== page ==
Love of French leads to adventure, broader perspective
French major Rediet Medhane, '19, sees language as a powerful tool to connect with people across cultures. Last fall, she experienced this firsthand as she studied on Reunion Island, a French island in the Indian Ocean that she says has "a beautiful mix of European, Asian and African cultures and peoples."
During her time as an exchange student, she was able to explore, learn and grow.
"I visited sandy beaches, swam with whales, hiked up active volcanoes, swam under waterfalls, attended music and religious festivals, and much more," she says.
Medhane's understanding of the French language broadened, and she gained a deeper love for her area of study.
"I learned new and fascinating things about French history and literature that only inspired me to pursue deeper knowledge and immersion," she says. "There is something powerful in being able to speak with someone in their native tongue, and I love how much more open my world is simply because I speak a second language."
Medhane is also majoring in math, and she hopes to incorporate that into her career by teaching French or math abroad in French-speaking Africa. She was inspired to teach in Africa because her parents are immigrants from Ethiopia. After she graduates, Medhane plans to pursue a master in teaching degree at Whitworth.
At Whitworth, Medhane is involved in worship ministry, and she plays guitar and sings on a chapel team. She has been playing worship music since she was 13. During her sophomore year, she was a resident assistant in Stewart Hall, where she would help lead worship nights for residents.
"Worship has always been a huge part of my life and my faith," Medhane says. "Because I so dearly love music, singing and playing instruments for the Lord, it is deeply special and significant to me."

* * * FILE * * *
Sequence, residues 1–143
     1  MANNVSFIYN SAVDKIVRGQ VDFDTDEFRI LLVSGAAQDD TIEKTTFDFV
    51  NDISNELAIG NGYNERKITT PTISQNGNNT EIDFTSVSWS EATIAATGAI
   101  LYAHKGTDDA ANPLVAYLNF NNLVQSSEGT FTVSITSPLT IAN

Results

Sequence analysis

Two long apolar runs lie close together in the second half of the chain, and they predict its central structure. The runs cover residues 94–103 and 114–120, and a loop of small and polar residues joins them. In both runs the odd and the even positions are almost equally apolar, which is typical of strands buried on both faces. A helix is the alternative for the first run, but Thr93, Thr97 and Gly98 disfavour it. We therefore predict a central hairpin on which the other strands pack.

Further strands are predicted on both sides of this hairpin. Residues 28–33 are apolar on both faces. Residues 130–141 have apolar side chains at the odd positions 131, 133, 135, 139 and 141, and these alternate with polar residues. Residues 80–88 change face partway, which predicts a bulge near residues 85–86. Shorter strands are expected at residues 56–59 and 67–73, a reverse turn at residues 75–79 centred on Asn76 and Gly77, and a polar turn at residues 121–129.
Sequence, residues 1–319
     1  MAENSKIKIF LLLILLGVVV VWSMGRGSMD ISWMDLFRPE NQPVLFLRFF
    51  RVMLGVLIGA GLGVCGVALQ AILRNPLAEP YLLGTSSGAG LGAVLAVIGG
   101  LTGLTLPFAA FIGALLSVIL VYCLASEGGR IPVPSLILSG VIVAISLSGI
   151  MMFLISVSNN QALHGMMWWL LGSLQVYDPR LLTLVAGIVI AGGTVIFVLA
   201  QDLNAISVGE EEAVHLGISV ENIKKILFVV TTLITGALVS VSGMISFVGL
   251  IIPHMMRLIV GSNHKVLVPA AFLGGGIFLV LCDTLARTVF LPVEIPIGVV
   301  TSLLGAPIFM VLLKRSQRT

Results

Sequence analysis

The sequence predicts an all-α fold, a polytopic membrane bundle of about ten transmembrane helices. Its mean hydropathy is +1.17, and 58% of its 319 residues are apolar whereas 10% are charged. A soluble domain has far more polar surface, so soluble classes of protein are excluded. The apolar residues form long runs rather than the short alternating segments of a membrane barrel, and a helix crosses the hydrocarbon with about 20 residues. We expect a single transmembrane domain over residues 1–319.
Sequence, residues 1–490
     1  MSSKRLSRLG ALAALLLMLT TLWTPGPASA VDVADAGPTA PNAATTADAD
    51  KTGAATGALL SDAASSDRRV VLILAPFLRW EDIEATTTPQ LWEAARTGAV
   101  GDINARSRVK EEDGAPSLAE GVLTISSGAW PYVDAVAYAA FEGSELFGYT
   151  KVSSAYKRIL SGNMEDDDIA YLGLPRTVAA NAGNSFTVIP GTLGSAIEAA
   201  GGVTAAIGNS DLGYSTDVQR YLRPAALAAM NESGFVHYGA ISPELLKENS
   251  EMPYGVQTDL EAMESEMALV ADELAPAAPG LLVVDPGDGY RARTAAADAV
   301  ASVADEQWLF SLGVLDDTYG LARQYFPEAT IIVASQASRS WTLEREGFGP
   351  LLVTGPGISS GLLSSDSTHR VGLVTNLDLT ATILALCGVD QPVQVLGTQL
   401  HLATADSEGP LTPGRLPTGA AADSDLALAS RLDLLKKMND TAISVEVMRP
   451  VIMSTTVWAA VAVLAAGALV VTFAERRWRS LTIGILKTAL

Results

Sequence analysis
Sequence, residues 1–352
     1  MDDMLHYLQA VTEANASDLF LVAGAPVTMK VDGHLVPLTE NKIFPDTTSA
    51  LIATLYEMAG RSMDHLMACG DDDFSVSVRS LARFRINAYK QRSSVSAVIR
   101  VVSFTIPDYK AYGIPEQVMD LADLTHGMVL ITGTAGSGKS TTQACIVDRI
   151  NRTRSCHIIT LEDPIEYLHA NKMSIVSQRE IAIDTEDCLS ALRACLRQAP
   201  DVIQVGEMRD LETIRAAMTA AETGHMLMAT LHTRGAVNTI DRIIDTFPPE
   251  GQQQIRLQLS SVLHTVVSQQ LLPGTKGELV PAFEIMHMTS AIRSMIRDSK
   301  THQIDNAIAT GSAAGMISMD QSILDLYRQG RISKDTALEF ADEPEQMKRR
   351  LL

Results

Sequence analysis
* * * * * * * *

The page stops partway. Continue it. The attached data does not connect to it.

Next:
While on Reunion Island, Medhane had to adjust to a new place, new school and new culture. This challenged her to examine her worldview.
"I learned how to adapt to new ways of viewing the world and how to be present and absorb my environment," she says. "I also saw my own culture and identity in a new light, which I was not expecting."
Medhane's faith was also stretched. She did not have a community of fellow Christians, which challenged her to find ways to worship.
"Experiences of real worship were somewhat scarce," she says, "so I really enjoy being back and serving as a leader on a chapel team."
One of the highlights of Medhane's time abroad was participating in Diwali, the Hindu festival of lights. The festival consisted of a parade, fireworks, live music, dancing and re-enactments of the holiday's story.
"It was out of this world, and I felt so incredibly honored to have been warmly invited to partake in the celebration despite my status as a foreigner," Medhane says.
The next day she enjoyed the Holi festival, where participants throw brightly colored powder at one another.
According to Medhane, learning another language expands her idea of the kingdom of God.
"When you take the time to learn and speak another's language, you begin to see them as more similar to you instead of setting them aside as ‘other,' and you show that you find them important and worthy of being understood and known," she says. "You get to see a new part of humanity that God sees and loves."